Wednesday, August 21, 2013

Dirty Southside Jam (Kickstarter details and an excerpt)

 As I work to publish my second novel, Dirty Southside Jam, I have started a fundraiser on Kickstarter.  Obviously, I would be grateful for your support, so I'm providing a link here:

 Dirty Southside Jam on Kickstarter

You can learn all about the book and my goals for the fundraiser, as well as contribute, just by clicking that link.  Just think: you would be helping a starving artist to take the next step toward putting food on the table for three hungry children and one pregnant wife.  For the record, the kids are well-fed, but as anyone who has children can attest, they're almost always hungry.  Anyway, I wanted to provide you with something more here, so I'm going to drop the basic hook for Dirty Southside Jam and an excerpt on you.  I'm giving you the first chapter, and even if you don't elect to chip in and support me, any and all feedback is welcome.

Thanks, peeps!  You know I'd do it for you.

So, what's Dirty Southside Jam about?  It goes something like this:

Billie Boyd, better known to the good people of Bogut as Blue, is the kind of guy whose luck only comes in one flavor. Sometimes it seems that his entire life has been punctuated by one bad break after another, but that's okay. He's a simple guy at heart, a man who has learned not to expect much. Everything changes when Blue finds a small fortune and decides to keep it, believing that his luck has finally turned.

He should have known better.

Now, good old Blue is at odds with a drug-peddling brute, a ruthless killer, and a corrupt lawman. His only ally is an aging drifter who likes to smoke pot and drive fast.  A man who never asked for much has bitten off way more than he can chew, and it's becoming painfully obvious that his next bad break will definitely be his last.

Now, here's a sneak peek at the first chapter.  Enjoy!

Chapter One: Good Old Blue

Billie Boyd was enjoying another leisurely night at Cinema City.  Lately, leisurely nights were all the place had to offer.  Billie was better known to the people of Bogut as “Blue” and he was a quiet fellow who seemed to give off a bit of warmth, an intriguing outsider who was very comfortable in his own skin.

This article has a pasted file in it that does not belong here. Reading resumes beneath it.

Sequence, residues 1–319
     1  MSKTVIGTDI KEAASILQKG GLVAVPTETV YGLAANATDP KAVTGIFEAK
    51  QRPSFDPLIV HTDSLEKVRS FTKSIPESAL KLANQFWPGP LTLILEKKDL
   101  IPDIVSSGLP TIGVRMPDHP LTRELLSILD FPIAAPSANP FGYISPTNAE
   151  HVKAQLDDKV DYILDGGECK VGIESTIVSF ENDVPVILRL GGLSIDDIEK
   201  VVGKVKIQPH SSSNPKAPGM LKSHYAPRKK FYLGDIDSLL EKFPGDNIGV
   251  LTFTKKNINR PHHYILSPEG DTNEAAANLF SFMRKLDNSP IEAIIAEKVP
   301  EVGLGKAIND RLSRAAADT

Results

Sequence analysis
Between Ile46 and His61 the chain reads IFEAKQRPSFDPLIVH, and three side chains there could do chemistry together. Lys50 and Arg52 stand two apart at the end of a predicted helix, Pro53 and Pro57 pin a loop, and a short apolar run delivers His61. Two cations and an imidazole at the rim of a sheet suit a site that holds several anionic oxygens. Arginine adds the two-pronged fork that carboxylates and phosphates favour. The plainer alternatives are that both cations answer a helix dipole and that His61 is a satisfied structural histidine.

The lean projectionist was in the lobby, wiping down the counters with a rag that was old and worn.  Blue had long hair that he sometimes pulled back in a ponytail, but tonight it was hanging in his face as he worked.  Blue had never been employed anywhere else and the theater was like a second home to him, but he didn’t think it would last much longer.
The failing cinema had once been regarded as a terrific place to catch a movie.  Twenty years ago it was undoubtedly the local hot spot, particularly when a true blockbuster was playing.  In those days, the parking lot was often so full that late arrivals had to park at the pizzeria down the hill and hoof it from there. 
Blue had made that journey on numerous occasions in his time, but nobody had a hard time finding a parking spot these days.  The old theater was barely turning a profit and the parking lot was mostly empty, even on weekends. 
Cinema City had fallen into a sad state of disarray and it was getting worse with every day that passed.  The carpet was old and dirty, fraying in some places and stained in others.  In one spot the red wallpaper had peeled back to expose a filthy yellow expanse of drywall.   The video games lining the lobby were a primitive array of battered shells housing unheralded titles.
Blue watched as an old man approached the front of the cinema to study the posters advertising the movies they were playing.  The old man lingered in front of each sheet, trying to muster up some enthusiasm, but nothing caught his fancy.   Grimacing, he turned and walked away.